When a new website design project kicks off, a common practice is to start designing a page to explore the visual direction for the site. This makes sense in some ways: clients like seeing pages because it’s the most obvious way to visualize what a site is going to look like—and, after all, that’s what they’re paying for. Typically this means starting with the homepage and exploring the design system through the context of that page.
The problem with designing the homepage first
The homepage is the first thing a user see on the site. It’s the foyer, with doors leading to all the other areas of the site. The problem is, homepages tend to be the most unique page on the site. Elements on the homepage often only serve one purpose: to drive a user to another area of the site. These homepage elements are some of the least reusable elements on the site. So why do we start with a page that does so little to inform the rest of the site? Why start with pages at all?
We’re so excited to see our partner CREDO get recognized for all the great work it’s doing supporting progressive causes. We’re not the only ones impressed, either. Fast Company published a piece applauding the company’s philanthropic efforts, as directed by its clientele. FortyFour’s contributions — including content, design, and video work — also appear in the article. We’re proud our contributions could help propel this brand’s growth, especially when paired with such good causes.
The internet is synonymous with two things — shopping and something that rhymes with “corn.” Today I’m going to focus on shopping.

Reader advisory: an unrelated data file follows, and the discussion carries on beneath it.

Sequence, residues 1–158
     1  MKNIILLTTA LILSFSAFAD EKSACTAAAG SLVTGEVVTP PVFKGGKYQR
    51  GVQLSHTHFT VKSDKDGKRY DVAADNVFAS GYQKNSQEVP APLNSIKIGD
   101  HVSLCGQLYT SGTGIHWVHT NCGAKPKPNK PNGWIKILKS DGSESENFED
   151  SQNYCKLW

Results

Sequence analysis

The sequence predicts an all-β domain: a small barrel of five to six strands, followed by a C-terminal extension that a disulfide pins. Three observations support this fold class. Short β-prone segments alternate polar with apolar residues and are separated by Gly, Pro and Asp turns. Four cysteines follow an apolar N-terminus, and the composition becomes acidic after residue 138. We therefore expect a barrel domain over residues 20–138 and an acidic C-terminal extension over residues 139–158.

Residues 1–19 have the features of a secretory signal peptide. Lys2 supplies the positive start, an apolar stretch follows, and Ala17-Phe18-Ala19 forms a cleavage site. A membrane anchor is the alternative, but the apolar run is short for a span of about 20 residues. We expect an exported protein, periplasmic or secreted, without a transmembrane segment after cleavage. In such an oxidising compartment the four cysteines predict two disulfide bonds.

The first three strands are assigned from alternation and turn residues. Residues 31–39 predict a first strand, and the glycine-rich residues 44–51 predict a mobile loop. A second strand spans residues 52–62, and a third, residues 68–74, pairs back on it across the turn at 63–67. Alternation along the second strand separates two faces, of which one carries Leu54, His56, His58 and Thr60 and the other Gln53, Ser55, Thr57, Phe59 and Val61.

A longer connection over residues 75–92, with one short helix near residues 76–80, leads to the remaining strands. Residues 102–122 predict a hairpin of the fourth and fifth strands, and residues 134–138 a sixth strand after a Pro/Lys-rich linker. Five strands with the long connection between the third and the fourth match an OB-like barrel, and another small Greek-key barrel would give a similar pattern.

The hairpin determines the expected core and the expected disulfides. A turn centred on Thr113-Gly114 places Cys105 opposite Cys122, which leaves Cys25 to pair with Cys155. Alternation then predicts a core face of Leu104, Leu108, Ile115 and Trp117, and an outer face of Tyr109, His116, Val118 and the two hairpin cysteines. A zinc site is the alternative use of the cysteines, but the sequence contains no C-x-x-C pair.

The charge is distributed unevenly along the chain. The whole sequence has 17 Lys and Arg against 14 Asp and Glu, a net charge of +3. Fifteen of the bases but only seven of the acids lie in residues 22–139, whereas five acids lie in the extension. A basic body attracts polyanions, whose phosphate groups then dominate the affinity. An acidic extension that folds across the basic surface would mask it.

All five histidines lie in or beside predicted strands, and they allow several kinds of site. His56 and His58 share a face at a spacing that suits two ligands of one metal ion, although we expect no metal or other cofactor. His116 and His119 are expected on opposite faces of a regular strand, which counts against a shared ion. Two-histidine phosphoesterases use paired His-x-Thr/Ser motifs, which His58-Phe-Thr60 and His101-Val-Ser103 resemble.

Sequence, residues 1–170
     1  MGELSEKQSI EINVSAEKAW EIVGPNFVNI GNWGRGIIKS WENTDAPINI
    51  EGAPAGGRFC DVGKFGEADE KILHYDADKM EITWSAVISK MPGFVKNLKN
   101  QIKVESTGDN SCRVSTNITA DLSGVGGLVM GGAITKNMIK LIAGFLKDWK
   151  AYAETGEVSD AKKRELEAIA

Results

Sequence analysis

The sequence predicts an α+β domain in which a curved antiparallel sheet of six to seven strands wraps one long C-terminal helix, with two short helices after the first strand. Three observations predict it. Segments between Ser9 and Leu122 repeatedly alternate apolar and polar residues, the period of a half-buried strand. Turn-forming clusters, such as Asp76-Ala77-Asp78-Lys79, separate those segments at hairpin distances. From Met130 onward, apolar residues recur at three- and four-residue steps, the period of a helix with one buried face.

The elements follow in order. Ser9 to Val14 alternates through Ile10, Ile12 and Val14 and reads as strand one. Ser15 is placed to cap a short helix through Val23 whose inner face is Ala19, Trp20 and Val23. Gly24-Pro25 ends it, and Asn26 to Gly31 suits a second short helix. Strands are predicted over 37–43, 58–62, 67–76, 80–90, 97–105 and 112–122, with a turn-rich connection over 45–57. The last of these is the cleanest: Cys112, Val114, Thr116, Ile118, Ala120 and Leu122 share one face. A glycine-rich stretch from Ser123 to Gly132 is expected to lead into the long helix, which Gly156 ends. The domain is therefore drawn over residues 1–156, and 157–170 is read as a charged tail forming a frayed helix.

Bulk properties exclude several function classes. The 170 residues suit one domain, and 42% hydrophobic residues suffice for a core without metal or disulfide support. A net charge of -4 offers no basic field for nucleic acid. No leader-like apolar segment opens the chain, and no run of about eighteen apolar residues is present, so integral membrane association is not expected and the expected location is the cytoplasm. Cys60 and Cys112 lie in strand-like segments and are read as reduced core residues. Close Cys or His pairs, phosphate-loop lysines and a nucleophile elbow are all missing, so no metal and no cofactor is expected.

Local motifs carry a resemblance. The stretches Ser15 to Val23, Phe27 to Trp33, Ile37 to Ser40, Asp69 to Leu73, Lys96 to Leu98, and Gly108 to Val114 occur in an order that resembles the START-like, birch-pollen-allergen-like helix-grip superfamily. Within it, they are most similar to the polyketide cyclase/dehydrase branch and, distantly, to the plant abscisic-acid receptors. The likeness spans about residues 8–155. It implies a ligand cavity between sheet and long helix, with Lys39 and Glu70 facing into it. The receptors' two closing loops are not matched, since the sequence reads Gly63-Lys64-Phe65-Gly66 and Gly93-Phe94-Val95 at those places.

Magento 2 has been out for over a year now. If you’re not familiar with the Magento platform, it is a powerful, open-source (read: free) e-commerce solution that offers users an impressive suite of features to help their business in a highly competitive online market. As of today, the current version number is 2.1.3. There have been significant improvements to the codebase since it first released November 2015. Let’s take a look at just a few of those, in no particular order.Continue reading
If you’ve worked in marketing in some capacity in the last few years, you’re probably familiar with a certain syndrome. It’s called “bright, shiny object” syndrome, and it affects marketers all over the world as they become distracted by the latest fad or trend in the marketing world. Whether it’s Snapchat for your B2B financial firm or Instagram for a funeral home, you may have been the victim or carrier of the syndrome (and that’s OK). With all of the new channels and marketing opportunities developing almost daily, it’s increasingly difficult to stay on top of the digital marketing world.
This is why few channels have lasted with the development of the internet as a more lower cost sales vehicle.Continue reading
FortyFour banded with Exide Technologies to revamp the battery brand’s entire website, alongside new brand guidelines for the company as a whole. We also developed several human resources videos and marketing campaigns, among other contributions. Read more about our work with Exide here.
The top casual dining destination asked FortyFour to revitalize its 70-year-old brand. We were so excited to breathe fresh life into the Americana favorite and attract new customers in the process. We worked closely to modernize Shoney’s across social media channels, as well as outside the digital realm with in-store menus, to-go cups, and billboard treatments. Read more about our work with Shoney’s here.